When I’m shopping online and someone tries to entice me with rewards points, this is what goes through my head:
Why do I channel my inner Bruce Lee I hear you ask?
I admit that I’m jaded. Too often have I signed up for a points-based loyalty scheme, only to realise that it would take me ages to squirrel away enough points that would translate into a free Cadbury dairy milk. But not only that — I would also have to run to hell and back to redeem it, navigating a byzantine process on web pages designed in 2002.
My feelings are best summarised in this rant by comedian Bill Burr.
“You’re giving them a free survey on what products you can’t live without, so they can jack the price of that up under the guise of giving you a nickel off some bootleg fruit loops.”
To be fair, some loyalty schemes are indeed popular and seem to work for the customer. But they all tick the following boxes:
- The product has to be high-frequency and/or big-ticket: Supermarkets, coffee shops and airlines come to mind.
- The company is either big enough to do their own thing (like Tesco) or is part of a reward scheme network (such as Nectar or Avios).
There are no solo loyalty point schemes by mid-sized companies that work well for the customer — at least I’m not aware of them.
The reasons that Loyalty Points don’t work outside of the narrow use cases I mentioned are:
- Unless you plug into a network like Nectar, it’s really complex to build: You have to create an account structure for people to log in, view their point status and redeem rewards. Also, you have to gather and keep reward partners who provide the rewards (or you have to provide the rewards yourself). There are some players in the market who provide a white label solution, but using them will come with limitations in functionality.
- Loyalty points systems have a poor reputation. On the one hand, the rewards they offer are usually low value. There’s a reason Bill Burr gets the laughs for his “nickel off bootleg fruit loops” line. On the other, for every customer you win, you will turn off another who thinks that this is just a sinister ploy to get at their data. Customers are suspicious of schemes where their behaviour is being continuously monitored and the relevant data possibly sold on to others. In a time of growing mainstream awareness of data privacy (hello GDPR, hello Facebook, goodbye Cambridge Analytica), this effect will grow. In our blog post on incentives and GDPR , we are arguing in favour of using incentives to maximise opt-in to your email list — this is different because the user knows exactly how their data is being used for the company’s financial benefit and you are just trying to maintain a status quo.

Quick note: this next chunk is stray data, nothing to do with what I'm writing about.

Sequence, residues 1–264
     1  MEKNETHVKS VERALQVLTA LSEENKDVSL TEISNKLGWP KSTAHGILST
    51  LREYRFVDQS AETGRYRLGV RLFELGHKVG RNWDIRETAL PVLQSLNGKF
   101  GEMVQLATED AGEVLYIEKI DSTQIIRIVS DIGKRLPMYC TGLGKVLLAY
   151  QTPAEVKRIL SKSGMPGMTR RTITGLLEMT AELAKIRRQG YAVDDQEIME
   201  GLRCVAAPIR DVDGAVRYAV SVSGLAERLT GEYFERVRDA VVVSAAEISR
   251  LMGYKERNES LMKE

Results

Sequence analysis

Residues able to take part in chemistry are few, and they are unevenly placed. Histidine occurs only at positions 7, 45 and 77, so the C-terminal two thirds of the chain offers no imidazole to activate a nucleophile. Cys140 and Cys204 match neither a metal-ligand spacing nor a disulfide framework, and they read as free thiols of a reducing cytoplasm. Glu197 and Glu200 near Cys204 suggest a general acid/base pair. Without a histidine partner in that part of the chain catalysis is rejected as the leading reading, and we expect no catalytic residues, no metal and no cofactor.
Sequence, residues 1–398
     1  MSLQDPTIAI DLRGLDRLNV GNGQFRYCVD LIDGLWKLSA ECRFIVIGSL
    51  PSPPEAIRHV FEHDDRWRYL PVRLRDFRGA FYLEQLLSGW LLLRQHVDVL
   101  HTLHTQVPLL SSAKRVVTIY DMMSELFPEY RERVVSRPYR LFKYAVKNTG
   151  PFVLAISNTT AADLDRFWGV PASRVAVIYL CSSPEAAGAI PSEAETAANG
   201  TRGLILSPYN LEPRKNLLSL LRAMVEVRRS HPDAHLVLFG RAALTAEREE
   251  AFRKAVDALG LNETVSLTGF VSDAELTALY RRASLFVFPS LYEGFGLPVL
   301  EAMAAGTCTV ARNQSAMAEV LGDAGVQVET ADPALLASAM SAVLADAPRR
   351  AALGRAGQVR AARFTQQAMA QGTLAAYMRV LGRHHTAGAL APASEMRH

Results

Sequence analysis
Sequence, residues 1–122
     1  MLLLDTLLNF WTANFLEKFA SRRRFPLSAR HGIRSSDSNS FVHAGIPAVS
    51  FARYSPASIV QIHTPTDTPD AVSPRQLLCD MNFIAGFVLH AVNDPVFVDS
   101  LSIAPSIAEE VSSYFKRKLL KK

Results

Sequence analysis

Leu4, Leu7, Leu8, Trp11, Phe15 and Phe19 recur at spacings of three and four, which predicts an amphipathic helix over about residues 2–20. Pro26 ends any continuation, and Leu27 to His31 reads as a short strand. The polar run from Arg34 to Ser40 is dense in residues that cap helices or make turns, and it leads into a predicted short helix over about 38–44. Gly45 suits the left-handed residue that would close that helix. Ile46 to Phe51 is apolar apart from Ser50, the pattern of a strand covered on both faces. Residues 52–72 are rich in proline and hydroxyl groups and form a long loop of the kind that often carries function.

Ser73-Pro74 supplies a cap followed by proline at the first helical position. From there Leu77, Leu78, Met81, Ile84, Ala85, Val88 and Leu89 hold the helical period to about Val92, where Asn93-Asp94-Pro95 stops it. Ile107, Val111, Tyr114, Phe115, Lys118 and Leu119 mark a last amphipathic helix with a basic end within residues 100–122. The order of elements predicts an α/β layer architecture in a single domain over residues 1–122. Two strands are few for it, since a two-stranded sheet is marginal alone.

- They delay gratification into the far future. And what customers want is instant enjoyment.
If you don’t fall into the above categories of large companies with high-frequency / big-ticket spending, I frankly wouldn’t bother setting up a loyalty points scheme — there are better ways to boost your customer loyalty.
What do you need to do then?
As a business you should be doing everything you can to engender customer loyalty and a positive experience. You need to create “true brand loyalty”, not bean counters looking for a way to game the points system.
You need to make the customer really feel a tangible benefit. Nothing does this better than providing instant gratification (for further reading check out my post on instant gratification, loss aversion and reciprocity ).
Instant gratification does not have to be expensive. Pret A Manger made the news a few years ago by allowing their employees to give out free coffees to people they liked. This is incredibly powerful on two levels. On one level it empowers and gives the employee autonomy (a topic for another day, but check out Dan Pink’s great TED talk), and on another it makes the customer receiving the free coffee feel incredibly special and rewarded, as it was such a surprise. It also happens to cost Pret next to nothing. No points-based scheme can ever achieve this and yet it is one of the most powerful aspects of human psychology needed to encourage customer loyalty: reciprocity!
I can see how this works in the real world, but how to do it online?
In the online world, gratification can be given instantaneously through email, messaging, SMS, push notifications and more.
The key is to give the customer something they actually want. And as long as we cannot peek inside their heads, we need to offer customers choice to pick what they want. At Loyalty Bay , we offer rewards from 150 providers in varying denominations, using our Rewards Hub or Always-On Perks products.
What the customer actually wants depends on the journey they are taking through your website. It could be a discount or it could be as simple as free access to a valuable piece of content that’s normally behind an email gate (e.g. an eBook).
Personalisation also plays a huge role. The more you know about your customer, the less costly a reward can be to have a massive effect. Imagine a customer service agent told a customer this:
“Hi Laura, I just saw on your account that your work address is near Liverpool Street Station. There’s a Costa in the station. I’m sending you a Costa voucher, have a brew on us next time you go to work.”
Another example of personalisation would be situational. If you know that a customer has bought a flight to Sao Paulo, throw in the Lonely Planet guide to Brazil as a reward. You’ll get a smile guaranteed – and ultimately, that’s what matters most: The association of a positive experience with your brand.
In summary, don’t build your loyalty scheme on a points-based system. Use instant gratification and personalisation and keep the customer at the heart of whatever you do.
Download our eBook on Loyalty and Retention here.